• For one example, the same channel's video "The Prime Deception" — in which they claim that legally, Discovery can't be canonical alongside TOS thanks to a legal nightmare between Paramount and CBS regarding merchandising — has further caused more hatred against the channel by Discovery's supporters on the grounds of accused propaganda and slander against the show.
  • He's Just Hiding!:
    • The prime-universe's Gabriel Lorca has not been confirmed dead, only missing, so it's entirely possible that he might turn up in the future.
      • The fact that one of the novels indicated that he is still alive and in captivity in the Mirror Universe has added to this speculation. note 
    • Similarly, Burnham's Mirror Universe counterpart is a case where they Never Found the Body, and Hugh Culber's was never seen at all and may still be alive.
  • Hilarious in Hindsight: According to the Star Trek: Department of Temporal Investigations novels, exposure to time-travel events makes a person a Weirdness Magnet for more time-travel events. With that in mind, given season 2 has Spock getting exposed to time-travel (if not directly taking part himself), this gives the interpretation that Spock could actually be held responsible for all of Kirk's time-travel weirdness (most of which, we note, he was involved with as well), and Kirk's bad reputation with the DTI.
  • "Holy Shit!" Quotient:
    • If anyone was let down by The Reveal that Ash Tyler was a physically altered Voq, the show made up for that with the big twist in "Vaulting Ambition," which revealed that "Captain Lorca" was actually from the Mirror Universe and had been impersonating his prime-universe counterpart the whole time. Of course, there are still a number of viewers who came to that point and said I Knew It!.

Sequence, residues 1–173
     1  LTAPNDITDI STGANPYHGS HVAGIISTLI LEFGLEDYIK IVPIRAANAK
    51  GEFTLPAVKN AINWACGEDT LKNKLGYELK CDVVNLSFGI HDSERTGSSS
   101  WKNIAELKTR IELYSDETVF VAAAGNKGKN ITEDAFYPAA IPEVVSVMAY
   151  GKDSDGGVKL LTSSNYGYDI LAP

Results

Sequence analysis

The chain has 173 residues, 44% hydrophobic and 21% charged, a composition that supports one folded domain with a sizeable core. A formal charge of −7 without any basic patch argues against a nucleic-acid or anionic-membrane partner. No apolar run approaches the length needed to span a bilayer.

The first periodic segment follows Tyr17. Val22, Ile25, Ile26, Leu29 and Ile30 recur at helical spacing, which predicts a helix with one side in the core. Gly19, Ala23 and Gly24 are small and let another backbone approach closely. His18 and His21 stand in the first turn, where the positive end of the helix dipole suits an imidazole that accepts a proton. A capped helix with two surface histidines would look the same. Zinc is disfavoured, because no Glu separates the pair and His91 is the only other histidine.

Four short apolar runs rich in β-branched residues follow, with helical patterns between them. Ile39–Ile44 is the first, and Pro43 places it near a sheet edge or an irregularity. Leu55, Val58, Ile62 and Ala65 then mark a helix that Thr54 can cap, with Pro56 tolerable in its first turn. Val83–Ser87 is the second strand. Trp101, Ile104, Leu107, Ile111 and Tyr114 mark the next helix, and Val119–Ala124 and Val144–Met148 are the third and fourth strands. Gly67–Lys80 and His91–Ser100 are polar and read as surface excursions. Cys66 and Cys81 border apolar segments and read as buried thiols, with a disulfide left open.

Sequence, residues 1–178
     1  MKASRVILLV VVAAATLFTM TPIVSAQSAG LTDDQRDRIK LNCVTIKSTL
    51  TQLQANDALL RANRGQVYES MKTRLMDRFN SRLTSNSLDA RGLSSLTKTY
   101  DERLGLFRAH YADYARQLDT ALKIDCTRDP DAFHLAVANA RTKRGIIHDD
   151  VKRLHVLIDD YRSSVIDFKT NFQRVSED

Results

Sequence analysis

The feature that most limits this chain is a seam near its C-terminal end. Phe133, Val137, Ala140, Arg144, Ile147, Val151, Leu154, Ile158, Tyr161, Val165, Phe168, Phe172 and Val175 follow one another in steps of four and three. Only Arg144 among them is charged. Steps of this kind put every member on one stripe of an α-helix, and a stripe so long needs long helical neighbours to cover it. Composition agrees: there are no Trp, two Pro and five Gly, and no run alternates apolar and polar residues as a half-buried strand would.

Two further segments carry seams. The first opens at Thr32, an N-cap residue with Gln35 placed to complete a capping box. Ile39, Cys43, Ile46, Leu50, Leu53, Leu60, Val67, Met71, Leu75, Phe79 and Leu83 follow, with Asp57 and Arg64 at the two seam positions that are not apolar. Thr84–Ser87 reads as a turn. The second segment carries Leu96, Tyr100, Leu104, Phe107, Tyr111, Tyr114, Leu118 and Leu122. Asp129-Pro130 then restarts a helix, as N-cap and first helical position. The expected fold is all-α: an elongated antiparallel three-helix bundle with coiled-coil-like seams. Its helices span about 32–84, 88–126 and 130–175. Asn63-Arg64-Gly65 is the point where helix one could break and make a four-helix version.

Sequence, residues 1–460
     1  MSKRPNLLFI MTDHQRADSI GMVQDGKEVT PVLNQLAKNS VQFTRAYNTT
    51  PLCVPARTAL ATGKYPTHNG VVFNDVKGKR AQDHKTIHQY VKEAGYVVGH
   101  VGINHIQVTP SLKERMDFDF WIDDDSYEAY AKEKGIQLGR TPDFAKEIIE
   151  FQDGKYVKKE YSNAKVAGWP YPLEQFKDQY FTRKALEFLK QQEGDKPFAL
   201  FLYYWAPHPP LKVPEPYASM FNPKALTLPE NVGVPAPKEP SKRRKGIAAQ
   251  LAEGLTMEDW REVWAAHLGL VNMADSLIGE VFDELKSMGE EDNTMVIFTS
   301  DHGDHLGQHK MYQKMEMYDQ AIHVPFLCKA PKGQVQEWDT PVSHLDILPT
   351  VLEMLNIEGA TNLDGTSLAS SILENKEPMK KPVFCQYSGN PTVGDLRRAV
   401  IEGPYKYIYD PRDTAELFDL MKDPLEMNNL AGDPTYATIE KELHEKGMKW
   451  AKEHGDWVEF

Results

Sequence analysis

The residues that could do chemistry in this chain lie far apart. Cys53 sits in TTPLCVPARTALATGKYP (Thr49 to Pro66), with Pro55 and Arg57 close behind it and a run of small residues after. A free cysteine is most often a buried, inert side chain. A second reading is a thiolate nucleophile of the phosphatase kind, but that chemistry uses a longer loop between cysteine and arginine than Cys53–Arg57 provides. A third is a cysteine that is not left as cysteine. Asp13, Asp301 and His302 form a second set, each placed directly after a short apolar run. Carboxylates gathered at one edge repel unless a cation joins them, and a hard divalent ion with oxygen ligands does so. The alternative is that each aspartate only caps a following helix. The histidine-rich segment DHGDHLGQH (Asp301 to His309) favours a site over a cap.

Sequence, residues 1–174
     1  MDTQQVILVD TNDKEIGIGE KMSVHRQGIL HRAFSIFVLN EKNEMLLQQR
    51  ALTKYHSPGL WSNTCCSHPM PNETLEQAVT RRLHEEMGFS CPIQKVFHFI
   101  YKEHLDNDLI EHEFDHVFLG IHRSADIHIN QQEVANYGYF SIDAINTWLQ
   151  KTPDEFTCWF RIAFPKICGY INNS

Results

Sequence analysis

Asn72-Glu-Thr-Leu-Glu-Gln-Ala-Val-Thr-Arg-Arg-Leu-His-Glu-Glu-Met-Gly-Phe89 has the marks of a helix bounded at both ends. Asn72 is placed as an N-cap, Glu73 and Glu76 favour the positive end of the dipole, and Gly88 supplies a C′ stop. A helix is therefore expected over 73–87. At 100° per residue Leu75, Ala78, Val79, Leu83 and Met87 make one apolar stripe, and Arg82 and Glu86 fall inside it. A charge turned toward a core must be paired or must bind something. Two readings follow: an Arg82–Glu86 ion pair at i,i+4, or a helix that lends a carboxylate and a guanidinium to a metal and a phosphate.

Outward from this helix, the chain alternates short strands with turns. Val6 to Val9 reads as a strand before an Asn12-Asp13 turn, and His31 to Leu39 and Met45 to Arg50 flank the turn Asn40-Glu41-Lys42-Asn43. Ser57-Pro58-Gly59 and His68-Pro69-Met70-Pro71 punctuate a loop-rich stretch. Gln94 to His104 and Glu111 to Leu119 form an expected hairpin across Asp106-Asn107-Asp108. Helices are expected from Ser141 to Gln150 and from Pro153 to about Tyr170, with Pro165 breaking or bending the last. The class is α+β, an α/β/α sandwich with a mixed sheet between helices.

• At the end of the first season finale, we get an appearance from none other than the U.S.S. Enterprise, "no bloody A, B, C or D", with Captain Christopher Pike in command.
    • The second season episode "Saints of Imperfection" threw a twist that floored both DIS fans and haters alike. The "monster" that's destroying the mycelial network of May's home? It's Doctor Culber.
    • A couple of episodes later, just where are Burnham and Spock headed to reverse Spock's Sanity Slippage? None other than Talos IV, the planet that Pike, Spock and the crew of the Enterprise visited in "The Cage", the first pilot for the Original Series, and later revisited in "The Menagerie". The episode even kicks off with a retro-style Previously On segment using clips from "The Cage", and the Talosians and Vina all show up in (sometimes illusionary) person.
    • And then, two episodes after that, "The Red Angel" gives us The Reveal that the titular time-travelling entity is not just a human, but Burnham's mother (who is very much alive).
  • Idiot Plot: The climatic battle of season 2 depends on the protagonists forgetting that they could just spore-jump to a different location — say, the Andromeda galaxy — and take their sweet time charging the time crystal without having to worry about Control catching up to them in time. The Enterprise wouldn't be able to follow, of course, and someone would have to deal with Control/Leland eventually, but Discovery jumping away would all but guarantee that the Sphere data gets sent into the future without incident, which is the most important goal of the season.
  • Inferred Holocaust: "The Sound of Thunder" has two, the second being retroactive with the season finale:
    • In the climax, Discovery triggers vahar'ai in every single Kelpien on Kaminar, putting thousands if not millions of Saru's people (some of whom would have been children) though agonizing pain for at least several minutes. Those Kelpiens — believing vahar'ai to be invariably fatal — must have believed that their gods were trying to kill them all. How many of them were Driven to Suicide, or Mercy Killed their friends and families, before the pain had a chance to subside? It's not hard to imagine the Kelpien population dropped significantly during that little stunt.